Themes & Symbolism


You will find detailed discussions on the three main themes of  Dancing in the Shadows of Love by clicking on the links below:

What is Love?

The Nature of Prejudice; the Illusion of Difference 

War versus Peace

There are other, minor, themes in the novel. Can you say what they are?


Nothing appears in the story by chance. There are hidden meanings throughout the text of "Dancing in the Shadows of Love." 

For example, the tuberoses decorating the fashion designer’s shop that Jamila visits with Chuki Wiseman denote dangerous pleasures and reflect Jamila’s dilemma. Enoch’s identity is hinted at because often when people interact with him, the smell of a cedar tree is present. Can anyone say what a cedar tree suggests?

A rose corresponds to the Lotus symbolism: Divine perfection (of the spirit) growing out of the mud of the earth (the body.) Roses thus denote the quest for perfect transcendence of the soul as it yearns for an untarnished fulfillment, and rises up from the dark and muddy primeval waters to blossom in the light above them. The white rose, in particular, is the “flower of light,” of innocence, purity and spiritual unfolding.  Thus, in the story, every time the white rose appears the character is moving along on her spiritual journey.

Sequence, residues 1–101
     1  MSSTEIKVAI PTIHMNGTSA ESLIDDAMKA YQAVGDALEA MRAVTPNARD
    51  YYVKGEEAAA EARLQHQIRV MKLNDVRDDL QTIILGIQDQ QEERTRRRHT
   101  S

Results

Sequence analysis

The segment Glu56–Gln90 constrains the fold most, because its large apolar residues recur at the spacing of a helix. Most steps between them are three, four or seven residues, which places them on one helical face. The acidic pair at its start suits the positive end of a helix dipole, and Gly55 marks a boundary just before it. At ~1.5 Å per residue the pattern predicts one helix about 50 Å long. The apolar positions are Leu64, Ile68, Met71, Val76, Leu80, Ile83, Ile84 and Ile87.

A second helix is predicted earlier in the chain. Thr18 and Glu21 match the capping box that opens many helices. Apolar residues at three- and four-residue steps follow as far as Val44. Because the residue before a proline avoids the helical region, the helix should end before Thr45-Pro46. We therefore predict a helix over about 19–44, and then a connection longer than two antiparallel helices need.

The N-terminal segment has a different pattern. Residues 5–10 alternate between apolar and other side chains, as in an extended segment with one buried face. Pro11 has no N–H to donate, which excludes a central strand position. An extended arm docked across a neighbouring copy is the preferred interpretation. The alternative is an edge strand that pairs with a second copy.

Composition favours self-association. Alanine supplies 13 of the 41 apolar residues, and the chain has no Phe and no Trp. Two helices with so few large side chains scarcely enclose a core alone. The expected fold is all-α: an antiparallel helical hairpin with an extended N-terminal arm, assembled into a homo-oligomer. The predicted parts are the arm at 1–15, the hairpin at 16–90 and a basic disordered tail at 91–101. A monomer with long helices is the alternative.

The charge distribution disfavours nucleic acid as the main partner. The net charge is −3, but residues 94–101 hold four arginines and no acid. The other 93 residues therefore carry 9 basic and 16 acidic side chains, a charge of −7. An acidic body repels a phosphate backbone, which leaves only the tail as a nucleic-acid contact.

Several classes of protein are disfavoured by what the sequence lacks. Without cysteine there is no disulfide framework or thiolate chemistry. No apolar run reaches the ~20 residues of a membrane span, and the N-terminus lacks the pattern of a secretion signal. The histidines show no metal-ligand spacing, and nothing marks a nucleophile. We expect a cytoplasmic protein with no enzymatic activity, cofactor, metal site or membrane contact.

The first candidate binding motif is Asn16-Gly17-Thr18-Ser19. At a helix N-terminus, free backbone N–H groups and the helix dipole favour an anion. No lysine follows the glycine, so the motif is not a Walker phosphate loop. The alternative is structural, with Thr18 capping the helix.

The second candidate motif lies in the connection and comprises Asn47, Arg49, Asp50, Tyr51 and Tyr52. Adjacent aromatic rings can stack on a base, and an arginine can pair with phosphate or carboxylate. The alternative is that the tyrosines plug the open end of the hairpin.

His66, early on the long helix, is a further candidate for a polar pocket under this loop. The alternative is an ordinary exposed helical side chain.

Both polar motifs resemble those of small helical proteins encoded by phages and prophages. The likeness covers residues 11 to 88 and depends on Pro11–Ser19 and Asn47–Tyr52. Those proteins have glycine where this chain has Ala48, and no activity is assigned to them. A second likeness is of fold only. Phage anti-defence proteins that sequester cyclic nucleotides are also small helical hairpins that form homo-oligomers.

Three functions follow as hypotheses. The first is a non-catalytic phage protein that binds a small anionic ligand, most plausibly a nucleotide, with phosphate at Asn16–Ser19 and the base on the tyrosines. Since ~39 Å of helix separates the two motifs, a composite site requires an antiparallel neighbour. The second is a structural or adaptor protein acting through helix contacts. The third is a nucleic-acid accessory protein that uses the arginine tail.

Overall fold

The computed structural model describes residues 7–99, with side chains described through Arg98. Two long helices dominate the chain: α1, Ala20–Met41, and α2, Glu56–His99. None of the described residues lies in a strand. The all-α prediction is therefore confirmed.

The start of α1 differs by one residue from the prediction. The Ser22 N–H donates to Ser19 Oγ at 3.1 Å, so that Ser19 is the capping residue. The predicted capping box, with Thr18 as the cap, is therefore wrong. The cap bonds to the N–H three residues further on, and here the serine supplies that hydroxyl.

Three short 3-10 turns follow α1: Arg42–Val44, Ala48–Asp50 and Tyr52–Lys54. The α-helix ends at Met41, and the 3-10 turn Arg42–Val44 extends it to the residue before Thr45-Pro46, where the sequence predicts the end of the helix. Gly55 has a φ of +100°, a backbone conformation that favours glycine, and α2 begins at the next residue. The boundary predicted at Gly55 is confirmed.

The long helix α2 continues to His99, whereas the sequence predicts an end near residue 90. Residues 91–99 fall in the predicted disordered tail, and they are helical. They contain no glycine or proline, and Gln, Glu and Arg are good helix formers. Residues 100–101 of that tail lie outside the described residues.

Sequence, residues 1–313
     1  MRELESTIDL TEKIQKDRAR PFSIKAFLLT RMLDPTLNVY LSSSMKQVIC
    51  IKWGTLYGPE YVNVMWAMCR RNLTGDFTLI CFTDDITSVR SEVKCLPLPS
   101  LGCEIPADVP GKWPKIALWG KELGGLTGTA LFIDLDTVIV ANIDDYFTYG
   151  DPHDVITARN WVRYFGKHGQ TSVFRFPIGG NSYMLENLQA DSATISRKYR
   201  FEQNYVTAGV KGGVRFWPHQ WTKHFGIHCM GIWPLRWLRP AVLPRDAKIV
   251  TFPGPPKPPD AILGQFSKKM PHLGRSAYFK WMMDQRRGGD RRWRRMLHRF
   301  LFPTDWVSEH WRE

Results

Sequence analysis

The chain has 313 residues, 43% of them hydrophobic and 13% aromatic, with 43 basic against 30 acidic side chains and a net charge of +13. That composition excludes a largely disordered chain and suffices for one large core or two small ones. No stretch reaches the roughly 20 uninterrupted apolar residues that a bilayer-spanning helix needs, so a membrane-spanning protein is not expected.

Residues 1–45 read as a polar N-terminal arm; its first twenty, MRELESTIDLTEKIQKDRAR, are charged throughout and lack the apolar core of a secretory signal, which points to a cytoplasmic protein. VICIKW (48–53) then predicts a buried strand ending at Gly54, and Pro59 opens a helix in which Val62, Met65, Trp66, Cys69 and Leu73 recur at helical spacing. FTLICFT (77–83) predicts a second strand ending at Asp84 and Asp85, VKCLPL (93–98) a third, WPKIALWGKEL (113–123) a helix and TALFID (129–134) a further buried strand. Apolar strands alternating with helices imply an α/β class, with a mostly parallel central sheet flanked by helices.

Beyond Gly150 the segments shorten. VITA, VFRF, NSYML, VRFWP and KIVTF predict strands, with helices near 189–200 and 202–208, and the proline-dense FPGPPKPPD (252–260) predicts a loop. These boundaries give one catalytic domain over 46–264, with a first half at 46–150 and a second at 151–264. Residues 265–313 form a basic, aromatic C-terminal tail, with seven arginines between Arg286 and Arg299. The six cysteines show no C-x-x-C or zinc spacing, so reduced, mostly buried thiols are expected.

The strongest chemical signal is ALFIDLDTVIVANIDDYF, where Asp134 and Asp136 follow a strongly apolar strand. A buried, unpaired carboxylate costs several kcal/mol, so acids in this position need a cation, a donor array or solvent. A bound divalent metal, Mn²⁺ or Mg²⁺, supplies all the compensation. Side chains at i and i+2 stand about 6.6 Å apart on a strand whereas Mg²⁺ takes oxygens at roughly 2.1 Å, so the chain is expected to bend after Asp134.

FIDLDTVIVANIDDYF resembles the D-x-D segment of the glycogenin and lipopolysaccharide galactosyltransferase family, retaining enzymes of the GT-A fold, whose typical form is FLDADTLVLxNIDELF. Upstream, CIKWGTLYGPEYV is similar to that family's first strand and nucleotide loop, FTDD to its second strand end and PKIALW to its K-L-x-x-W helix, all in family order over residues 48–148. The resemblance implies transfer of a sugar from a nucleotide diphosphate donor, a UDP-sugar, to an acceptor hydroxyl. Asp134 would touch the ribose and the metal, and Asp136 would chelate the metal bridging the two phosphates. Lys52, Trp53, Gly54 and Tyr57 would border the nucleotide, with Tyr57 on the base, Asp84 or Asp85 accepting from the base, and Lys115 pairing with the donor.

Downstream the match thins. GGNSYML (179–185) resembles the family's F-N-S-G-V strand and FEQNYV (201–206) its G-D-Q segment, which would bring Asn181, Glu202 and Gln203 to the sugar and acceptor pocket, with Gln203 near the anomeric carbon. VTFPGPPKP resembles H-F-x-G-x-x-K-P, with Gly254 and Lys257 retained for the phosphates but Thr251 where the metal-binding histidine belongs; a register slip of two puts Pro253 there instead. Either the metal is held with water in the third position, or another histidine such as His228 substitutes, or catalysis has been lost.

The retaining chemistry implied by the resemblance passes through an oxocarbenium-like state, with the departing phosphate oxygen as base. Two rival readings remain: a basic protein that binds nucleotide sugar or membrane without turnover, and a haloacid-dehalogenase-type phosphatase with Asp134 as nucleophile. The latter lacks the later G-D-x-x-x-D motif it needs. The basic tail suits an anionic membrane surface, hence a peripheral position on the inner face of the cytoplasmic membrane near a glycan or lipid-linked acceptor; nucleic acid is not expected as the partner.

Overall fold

The sea/ocean, as a body of water, symbolizes the unconscious but, being larger than the rivers and lakes which feed into it, the ocean represents the cosmic consciousness (or the Divine Source from which all life emerged.) When a river flows into the ocean, at the point of their union, the two become one body of water. In the same way, at the moment when the individual Self merges with the infinite Divine, enlightenment occurs: we are all one; we have a collective unconscious linking us to the “other.” Thus in "Dancing in the Shadows of Love," the ocean reminds us that, despite their apparent differences, all of the characters are connected. The sea/ocean (representing the collective cosmic consciousness, or Divine Being, whatever shape of faith it takes) dominates the background of their ordinary lives as a silent, objective witness to the choices they each make on their spiritual journey.

Can you find other symbols in the book that mean something to you?